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4.31 MB | 33 pages

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4.31 MB | 33 pages

This is a collection of 12 no prep activities that are perfect for the end of year math activities. Let the students show you what they know and apply the skills they have learned throughout the year.

You can find the 5th grade version of this resource here. This includes some similar resources as the 5th grade version that have been modified for 4th grade skills and standards. And some entirely new resources that are not in the 5th grade version.

Each activity contains 1-2 printables that provide the student with the directions and information needed to complete the activity. Some activities will take only 1 class period and some may extend over 2-3 class periods.

I have included answer keys on the activities that allowed for them. Due to the nature of some of them, answer keys were not possible.

I have also included a tracking sheet if you wish to allow the students to work at their own pace or for you to keep track of who has completed which activity.

The activities are:

1. Buying School Supplies

2. Factor and Multiple Fun!

3. Number It!

4. Catering Conundrum

5. Summer Loving

6. Let's Eat

7. Ready, Set, Swim!

8. Products for Less

9. What's for Lunch?

10. Design a House

11. Extreme Playground Makeover

12. Symmetrical Drawing (Draw it! and Finish it!)

Standards covered include:

4.OA.1 Interpret a multiplication equation as a comparison, e.g., interpret 35 = 5 × 7 as a statement that 35 is 5 times as many as 7 and 7 times as many as 5. Represent verbal statements of multiplicative comparisons as multiplication equations.

4.OA.2 Multiply or divide to solve word problems involving multiplicative comparison, e.g., by using drawings and equations with a symbol for the unknown number to represent the problem, distinguishing multiplicative comparison from additive comparison.

4.OA.4 Find all factor pairs for a whole number in the range 1-100. Recognize that a whole number is a multiple of each of its factors. Determine whether a given whole number in the range 1-100 is a multiple of a given one-digit number. Determine whether a given whole number in the range 1-100 is prime or composite.

4.NBT.2 Read and write multi-digit whole numbers using base-ten numerals, number names, and expanded form.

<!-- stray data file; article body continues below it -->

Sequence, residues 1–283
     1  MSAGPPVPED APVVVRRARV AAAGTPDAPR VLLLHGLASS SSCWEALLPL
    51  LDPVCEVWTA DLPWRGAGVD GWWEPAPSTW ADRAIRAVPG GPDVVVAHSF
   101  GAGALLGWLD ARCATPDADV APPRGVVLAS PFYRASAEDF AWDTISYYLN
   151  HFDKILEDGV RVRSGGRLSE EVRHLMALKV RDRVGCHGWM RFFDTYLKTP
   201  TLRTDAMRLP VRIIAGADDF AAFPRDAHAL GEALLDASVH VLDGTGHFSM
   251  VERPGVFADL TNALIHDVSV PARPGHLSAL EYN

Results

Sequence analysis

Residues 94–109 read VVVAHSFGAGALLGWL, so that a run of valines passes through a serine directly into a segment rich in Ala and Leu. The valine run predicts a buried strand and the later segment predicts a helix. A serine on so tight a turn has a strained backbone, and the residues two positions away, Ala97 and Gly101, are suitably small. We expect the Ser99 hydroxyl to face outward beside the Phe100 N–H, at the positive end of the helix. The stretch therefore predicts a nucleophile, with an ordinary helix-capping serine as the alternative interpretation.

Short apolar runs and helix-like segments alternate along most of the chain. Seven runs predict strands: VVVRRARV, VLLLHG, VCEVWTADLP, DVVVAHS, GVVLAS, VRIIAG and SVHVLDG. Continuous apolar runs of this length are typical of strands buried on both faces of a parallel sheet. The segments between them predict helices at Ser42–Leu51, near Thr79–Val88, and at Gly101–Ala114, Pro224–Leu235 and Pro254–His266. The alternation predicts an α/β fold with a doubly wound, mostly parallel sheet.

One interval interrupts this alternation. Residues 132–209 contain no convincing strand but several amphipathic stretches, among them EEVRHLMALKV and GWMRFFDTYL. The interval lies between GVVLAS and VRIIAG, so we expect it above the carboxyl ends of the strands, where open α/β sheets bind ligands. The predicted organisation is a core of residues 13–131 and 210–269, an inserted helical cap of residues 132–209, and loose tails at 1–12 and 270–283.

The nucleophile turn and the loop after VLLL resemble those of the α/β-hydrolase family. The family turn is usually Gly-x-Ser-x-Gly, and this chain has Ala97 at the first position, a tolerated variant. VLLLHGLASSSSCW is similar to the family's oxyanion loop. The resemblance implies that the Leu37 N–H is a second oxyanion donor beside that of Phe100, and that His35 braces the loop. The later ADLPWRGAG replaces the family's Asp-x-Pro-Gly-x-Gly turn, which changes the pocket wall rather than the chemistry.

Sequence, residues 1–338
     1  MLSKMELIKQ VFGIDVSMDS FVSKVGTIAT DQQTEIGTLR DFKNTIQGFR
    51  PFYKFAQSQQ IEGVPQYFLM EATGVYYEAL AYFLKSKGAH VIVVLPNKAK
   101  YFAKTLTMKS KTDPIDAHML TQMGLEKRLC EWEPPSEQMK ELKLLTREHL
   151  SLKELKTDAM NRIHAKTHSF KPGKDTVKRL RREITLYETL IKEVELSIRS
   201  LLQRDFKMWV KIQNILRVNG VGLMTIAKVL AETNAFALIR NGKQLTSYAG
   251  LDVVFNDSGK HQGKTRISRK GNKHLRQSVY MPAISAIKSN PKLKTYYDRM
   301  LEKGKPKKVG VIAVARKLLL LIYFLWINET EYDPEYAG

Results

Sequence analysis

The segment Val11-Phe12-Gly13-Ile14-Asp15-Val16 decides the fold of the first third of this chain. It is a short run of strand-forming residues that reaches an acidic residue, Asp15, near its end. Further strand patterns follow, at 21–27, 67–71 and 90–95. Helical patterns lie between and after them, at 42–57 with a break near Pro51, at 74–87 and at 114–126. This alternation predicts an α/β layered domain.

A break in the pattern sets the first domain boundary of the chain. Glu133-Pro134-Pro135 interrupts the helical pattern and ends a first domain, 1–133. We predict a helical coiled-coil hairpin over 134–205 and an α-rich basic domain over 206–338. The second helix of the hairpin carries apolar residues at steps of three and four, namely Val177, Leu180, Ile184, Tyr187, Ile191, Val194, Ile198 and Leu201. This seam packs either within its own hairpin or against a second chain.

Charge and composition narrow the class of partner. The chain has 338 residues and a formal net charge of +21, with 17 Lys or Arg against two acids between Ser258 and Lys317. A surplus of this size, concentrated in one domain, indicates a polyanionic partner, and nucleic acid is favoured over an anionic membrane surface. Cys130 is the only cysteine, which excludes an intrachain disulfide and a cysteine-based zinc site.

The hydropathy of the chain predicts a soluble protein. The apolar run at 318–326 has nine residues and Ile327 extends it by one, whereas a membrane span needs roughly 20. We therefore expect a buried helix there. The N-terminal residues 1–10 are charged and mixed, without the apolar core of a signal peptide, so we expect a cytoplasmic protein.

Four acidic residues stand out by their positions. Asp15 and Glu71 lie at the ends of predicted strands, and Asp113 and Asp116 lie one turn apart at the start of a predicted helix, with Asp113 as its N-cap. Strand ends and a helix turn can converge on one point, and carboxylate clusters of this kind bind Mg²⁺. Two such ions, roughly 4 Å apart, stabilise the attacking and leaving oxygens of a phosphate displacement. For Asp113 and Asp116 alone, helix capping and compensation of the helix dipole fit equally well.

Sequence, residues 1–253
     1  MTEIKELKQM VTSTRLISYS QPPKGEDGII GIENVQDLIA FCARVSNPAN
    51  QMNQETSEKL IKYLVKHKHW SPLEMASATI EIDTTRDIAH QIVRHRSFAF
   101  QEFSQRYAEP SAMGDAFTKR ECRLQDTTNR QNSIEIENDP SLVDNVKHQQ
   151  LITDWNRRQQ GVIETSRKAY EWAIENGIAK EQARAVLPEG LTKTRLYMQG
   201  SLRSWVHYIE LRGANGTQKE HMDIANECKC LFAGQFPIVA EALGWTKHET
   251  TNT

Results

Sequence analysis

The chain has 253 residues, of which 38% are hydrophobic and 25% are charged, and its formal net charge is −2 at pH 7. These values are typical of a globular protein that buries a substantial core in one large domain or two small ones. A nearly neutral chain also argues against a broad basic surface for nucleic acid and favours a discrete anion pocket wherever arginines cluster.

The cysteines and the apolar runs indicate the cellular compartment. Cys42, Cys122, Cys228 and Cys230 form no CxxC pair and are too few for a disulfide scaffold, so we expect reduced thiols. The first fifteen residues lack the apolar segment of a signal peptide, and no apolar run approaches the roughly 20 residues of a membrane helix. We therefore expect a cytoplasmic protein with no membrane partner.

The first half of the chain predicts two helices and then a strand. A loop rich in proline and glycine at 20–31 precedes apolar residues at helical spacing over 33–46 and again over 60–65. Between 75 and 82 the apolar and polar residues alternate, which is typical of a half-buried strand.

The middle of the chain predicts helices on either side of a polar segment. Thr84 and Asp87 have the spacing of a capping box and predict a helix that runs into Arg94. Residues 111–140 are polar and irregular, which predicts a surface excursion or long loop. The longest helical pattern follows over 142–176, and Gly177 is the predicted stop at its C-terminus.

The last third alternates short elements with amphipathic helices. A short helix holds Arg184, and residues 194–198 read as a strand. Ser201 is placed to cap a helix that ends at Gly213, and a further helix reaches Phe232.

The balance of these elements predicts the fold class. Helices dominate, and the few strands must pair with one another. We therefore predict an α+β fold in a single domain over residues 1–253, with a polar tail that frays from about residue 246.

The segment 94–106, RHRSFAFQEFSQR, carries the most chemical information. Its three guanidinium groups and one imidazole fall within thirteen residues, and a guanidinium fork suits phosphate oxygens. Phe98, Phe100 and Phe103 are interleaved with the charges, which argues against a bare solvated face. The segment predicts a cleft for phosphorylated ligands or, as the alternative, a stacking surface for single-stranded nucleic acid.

4.NBT.5 Multiply a whole number of up to four digits by a one-digit whole number, and multiply two two-digit numbers, using strategies based on place value and the properties of operations. Illustrate and explain the calculation by using equations, rectangular arrays, and/or area models.

4.NBT.6 Find whole-number quotients and remainders with up to four-digit dividends and one-digit divisors, using strategies based on place value, the properties of operations, and/or the relationship between multiplication and division. Illustrate and explain the calculation by using equations, rectangular arrays, and/or area models.

4.NF.1 Explain why a fraction a/b is equivalent to a fraction (n × a)/(n × b) by using visual fraction models, with attention to how the number and size of the parts differ even though the two fractions themselves are the same size. Use this principle to recognize and generate equivalent fractions.

4.NF.4 Apply and extend previous understandings of multiplication to multiply a fraction by a whole number.

4.NF.7 Compare two decimals to hundredths by reasoning about their size. Recognize that comparisons are valid only when the two decimals refer to the same whole. Record the results of comparisons with the symbols >, =, or <, and justify the conclusions, e.g., by using a visual model.

4.MD.1 Know relative sizes of measurement units within one system of units including km, m, cm; kg, g; lb, oz.; l, ml; hr, min, sec. Within a single system of measurement, express measurements in a larger unit in terms of a smaller unit.

4.MD.2 Solving problems with money.

4.MD.3 Apply the area and perimeter formulas for rectangles in real world and mathematical problems.

4.MD.5 Recognize angles as geometric shapes that are formed wherever two rays share a common endpoint, and understand concepts of angle measurement.

4.MD.6 Measure angles in whole-number degrees using a protractor. Sketch angles of specified measure.

4.G.1 Draw points, lines, line segments, rays, angles (right, acute, obtuse), and perpendicular and parallel lines. Identify these in two-dimensional figures.

4.G.2 Classify two-dimensional figures based on the presence or absence of parallel or perpendicular lines, or the presence or absence of angles of a specified size. Recognize right triangles as a category, and identify right triangles.